From different countries, cultures, and religions, superstitions and beliefs vary. Some people hold true to them, and others simply disregard them.
Amongst Thai people, you’ll discover that many (if not all) grew up hearing about superstitions. There are those beliefs that some have turned into something more lighthearted, but others are still taken seriously. If you’re interested in the culture, the following Thai superstitions list will provide you with more information.
List of Thai Superstitious Beliefs
Below you’ll find 15 common (and some maybe less common) Thai superstitions:
1. Don’t sweep the house at night.
Sweeping the house at night has negative connotations. If you sweep your floor at night, you will wind up sweeping away the money you earned that day.
2. No haircuts on Wednesday.
Wednesday is considered to be a day of growth, so having a haircut on that day will grant you bad luck.
3. Don’t leave your home if your hear a home lizard (gecko).
If you’re leaving home and you hear a gecko behind your back, you should turn around as something bad may happen to you while you’re out. However, if this home lizard is by your side or in front of you, you can proceed out without worry.
4. For single ladies only: no singing while cooking.
Long time ago, this taboo was meant to frighten maids working in the kitchen to make them pay more attention to prevent from getting cut or burning the rice. The suspicion explains that if a single lady sings while she cooks, they’ll end up with an old boyfriend or husband.
5. Be aware of twitching eyes.
When the left eye twitches, it is a sign of bad luck. However, if the right eye twitches, it can signal good luck to follow.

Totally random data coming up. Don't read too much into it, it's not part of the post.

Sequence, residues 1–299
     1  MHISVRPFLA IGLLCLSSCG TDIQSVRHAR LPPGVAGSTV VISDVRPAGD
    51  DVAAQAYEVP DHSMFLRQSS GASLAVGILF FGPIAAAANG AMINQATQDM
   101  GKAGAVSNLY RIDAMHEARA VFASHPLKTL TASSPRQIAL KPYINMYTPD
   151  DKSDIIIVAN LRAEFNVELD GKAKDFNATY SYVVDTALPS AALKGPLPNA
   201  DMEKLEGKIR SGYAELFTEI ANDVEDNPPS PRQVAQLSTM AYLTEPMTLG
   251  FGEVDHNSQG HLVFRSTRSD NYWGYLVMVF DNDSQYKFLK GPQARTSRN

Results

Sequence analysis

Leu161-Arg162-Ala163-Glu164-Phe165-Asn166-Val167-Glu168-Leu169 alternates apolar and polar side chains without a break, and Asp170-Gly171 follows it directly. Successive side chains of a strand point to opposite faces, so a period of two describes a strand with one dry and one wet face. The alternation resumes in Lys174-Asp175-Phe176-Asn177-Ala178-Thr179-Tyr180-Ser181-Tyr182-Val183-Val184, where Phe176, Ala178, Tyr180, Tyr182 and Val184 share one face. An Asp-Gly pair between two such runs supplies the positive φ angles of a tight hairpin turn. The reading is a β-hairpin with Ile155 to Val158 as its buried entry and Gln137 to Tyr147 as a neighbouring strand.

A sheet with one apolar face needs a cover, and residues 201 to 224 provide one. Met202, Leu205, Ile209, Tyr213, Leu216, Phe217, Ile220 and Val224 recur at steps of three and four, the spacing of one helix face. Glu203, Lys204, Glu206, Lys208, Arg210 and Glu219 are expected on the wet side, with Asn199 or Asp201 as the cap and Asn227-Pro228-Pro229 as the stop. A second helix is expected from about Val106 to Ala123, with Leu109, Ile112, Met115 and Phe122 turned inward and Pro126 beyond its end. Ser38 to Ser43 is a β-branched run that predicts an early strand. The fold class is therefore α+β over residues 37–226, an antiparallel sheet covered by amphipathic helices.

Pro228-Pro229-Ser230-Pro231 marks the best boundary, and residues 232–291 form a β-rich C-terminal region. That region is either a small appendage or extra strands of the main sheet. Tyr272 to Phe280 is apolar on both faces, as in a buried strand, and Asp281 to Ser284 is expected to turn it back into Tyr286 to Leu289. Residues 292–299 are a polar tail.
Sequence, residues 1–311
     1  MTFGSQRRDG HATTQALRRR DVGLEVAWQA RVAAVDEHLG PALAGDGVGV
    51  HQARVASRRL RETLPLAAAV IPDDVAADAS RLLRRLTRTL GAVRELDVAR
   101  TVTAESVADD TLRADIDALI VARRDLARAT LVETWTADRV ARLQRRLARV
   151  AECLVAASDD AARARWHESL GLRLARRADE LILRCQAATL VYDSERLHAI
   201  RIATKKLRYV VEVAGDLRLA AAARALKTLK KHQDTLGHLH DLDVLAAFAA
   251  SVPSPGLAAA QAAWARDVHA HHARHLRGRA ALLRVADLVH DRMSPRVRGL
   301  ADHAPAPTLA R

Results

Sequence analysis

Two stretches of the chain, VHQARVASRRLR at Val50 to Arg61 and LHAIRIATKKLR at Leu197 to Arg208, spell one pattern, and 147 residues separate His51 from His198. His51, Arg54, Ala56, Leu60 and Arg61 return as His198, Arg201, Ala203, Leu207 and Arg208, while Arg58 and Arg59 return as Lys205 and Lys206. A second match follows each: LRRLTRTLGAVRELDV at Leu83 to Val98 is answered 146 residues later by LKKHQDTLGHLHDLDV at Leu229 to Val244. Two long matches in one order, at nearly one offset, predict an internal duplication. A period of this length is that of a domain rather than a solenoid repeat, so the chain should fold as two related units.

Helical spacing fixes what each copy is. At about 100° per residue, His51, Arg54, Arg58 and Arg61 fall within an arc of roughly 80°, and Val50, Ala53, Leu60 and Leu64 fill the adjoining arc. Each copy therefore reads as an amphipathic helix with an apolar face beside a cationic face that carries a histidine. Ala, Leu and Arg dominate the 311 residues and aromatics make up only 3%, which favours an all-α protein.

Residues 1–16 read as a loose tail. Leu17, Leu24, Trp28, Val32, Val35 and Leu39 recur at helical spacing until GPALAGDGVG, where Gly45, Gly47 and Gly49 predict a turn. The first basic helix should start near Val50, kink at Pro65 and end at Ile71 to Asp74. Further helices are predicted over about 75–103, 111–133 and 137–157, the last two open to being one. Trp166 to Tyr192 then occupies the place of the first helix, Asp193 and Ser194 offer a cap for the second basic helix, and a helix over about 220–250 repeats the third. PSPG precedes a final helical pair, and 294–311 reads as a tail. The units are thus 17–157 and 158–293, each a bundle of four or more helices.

6. Stop the rain with a female virgin and lemongrass.
Among the common Thai superstitious beliefs is that if you give a virgin lady lemongrass and she stabs it into the ground upside-down, it’ll stop raining. On the other hand, if the woman is not a virgin, then it will pour down rain. It’s an old Thai ritual, a test of sorts, to prove pureness and virginity in a lady.
7. Dreaming of a snake can bring good fortune.
Yet another traditional belief in Thai culture is that dreaming of a snake, especially one wrapped around you, indicates that you will meet your soulmate. According to tradition, the size, shape, and color of the snake also determine how powerful your soulmate is going to be.
8. Don’t say a baby is cute (even if it is).
Saying a baby is cute is believed to bring about a jealous, evil spirit that will come and steal the baby away. Calling a baby “adorable and unpleasant” instead is believed to be better. It is also why you’ll find many Thai children with so-called “ugly” nicknames that don’t seem to connect with their actual names.
9. Watch out for bird poop falling on your head.
If a bird has pooped on your head, it means that for the rest of the day, you’ll be doomed.
10. If you’re pregnant, do not attend a funeral.
It is believed that if a pregnant woman attended a funeral, the spirit of the dead will wind up disturbing the baby.
11. Take caution with strange voices calling out to you at night.
It’s nighttime and you hear some odd, human voices calling out to you. Be sure never to answer as it could be a spirit. If you do answer, you will invite them into your home.
12. Be wary about wearing black to certain places and occasions.
In Thai culture, black is a symbol of mourning. So, wearing black to an occasion that is not meant for that is considered bad luck. For example, you shouldn’t wear black to a wedding or when visiting sick patients in a hospital.
13. The power of wearing amulets.
Amulets are a sign of power. It is believed that the larger the amulet, the more powerful it is. These amulets contain sacred Buddha images that posses a variety of powers such as preventing illnesses and accidents.
14. Finishing the last bite brings good luck.
If you finish the last bite of food, it is believed to bring you a good-looking partner. This may be a superstition brought upon to get people to finish their food faster.
15. Birthmarks are connected to past lives.
In Thai culture (and many others), if a birthmark is seen on a baby, it is an indicator that they have lived a past life.
Likewise with many cultures around the world, Thai superstitions are rooted in long held beliefs. Many came about due to taboos or as cautionary tales. Although not all may be as rigorously followed like before, they are still passed down within Thai families as tradition.